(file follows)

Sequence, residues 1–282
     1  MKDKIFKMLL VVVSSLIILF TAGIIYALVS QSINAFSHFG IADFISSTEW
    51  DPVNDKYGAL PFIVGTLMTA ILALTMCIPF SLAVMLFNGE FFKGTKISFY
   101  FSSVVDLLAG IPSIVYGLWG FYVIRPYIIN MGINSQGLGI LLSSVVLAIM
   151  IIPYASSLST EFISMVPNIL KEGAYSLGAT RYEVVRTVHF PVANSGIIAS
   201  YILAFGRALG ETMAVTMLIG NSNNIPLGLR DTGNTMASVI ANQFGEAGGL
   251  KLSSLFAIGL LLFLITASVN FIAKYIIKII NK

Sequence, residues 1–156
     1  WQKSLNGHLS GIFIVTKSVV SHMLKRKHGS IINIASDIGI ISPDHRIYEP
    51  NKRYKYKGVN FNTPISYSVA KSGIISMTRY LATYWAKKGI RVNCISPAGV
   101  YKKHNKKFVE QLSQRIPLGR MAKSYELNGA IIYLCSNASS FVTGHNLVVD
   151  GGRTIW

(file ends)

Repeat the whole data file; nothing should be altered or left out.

Sequence, residues 1–282
     1  MKDKIFKMLL VVVSSLIILF TAGIIYALVS QSINAFSHFG IADFISSTEW
    51  DPVNDKYGAL PFIVGTLMTA ILALTMCIPF SLAVMLFNGE FFKGTKISFY
   101  FSSVVDLLAG IPSIVYGLWG FYVIRPYIIN MGINSQGLGI LLSSVVLAIM
   151  IIPYASSLST EFISMVPNIL KEGAYSLGAT RYEVVRTVHF PVANSGIIAS
   201  YILAFGRALG ETMAVTMLIG NSNNIPLGLR DTGNTMASVI ANQFGEAGGL
   251  KLSSLFAIGL LLFLITASVN FIAKYIIKII NK

Sequence, residues 1–156
     1  WQKSLNGHLS GIFIVTKSVV SHMLKRKHGS IINIASDIGI ISPDHRIYEP
    51  NKRYKYKGVN FNTPISYSVA KSGIISMTRY LATYWAKKGI RVNCISPAGV
   101  YKKHNKKFVE QLSQRIPLGR MAKSYELNGA IIYLCSNASS FVTGHNLVVD
   151  GGRTIW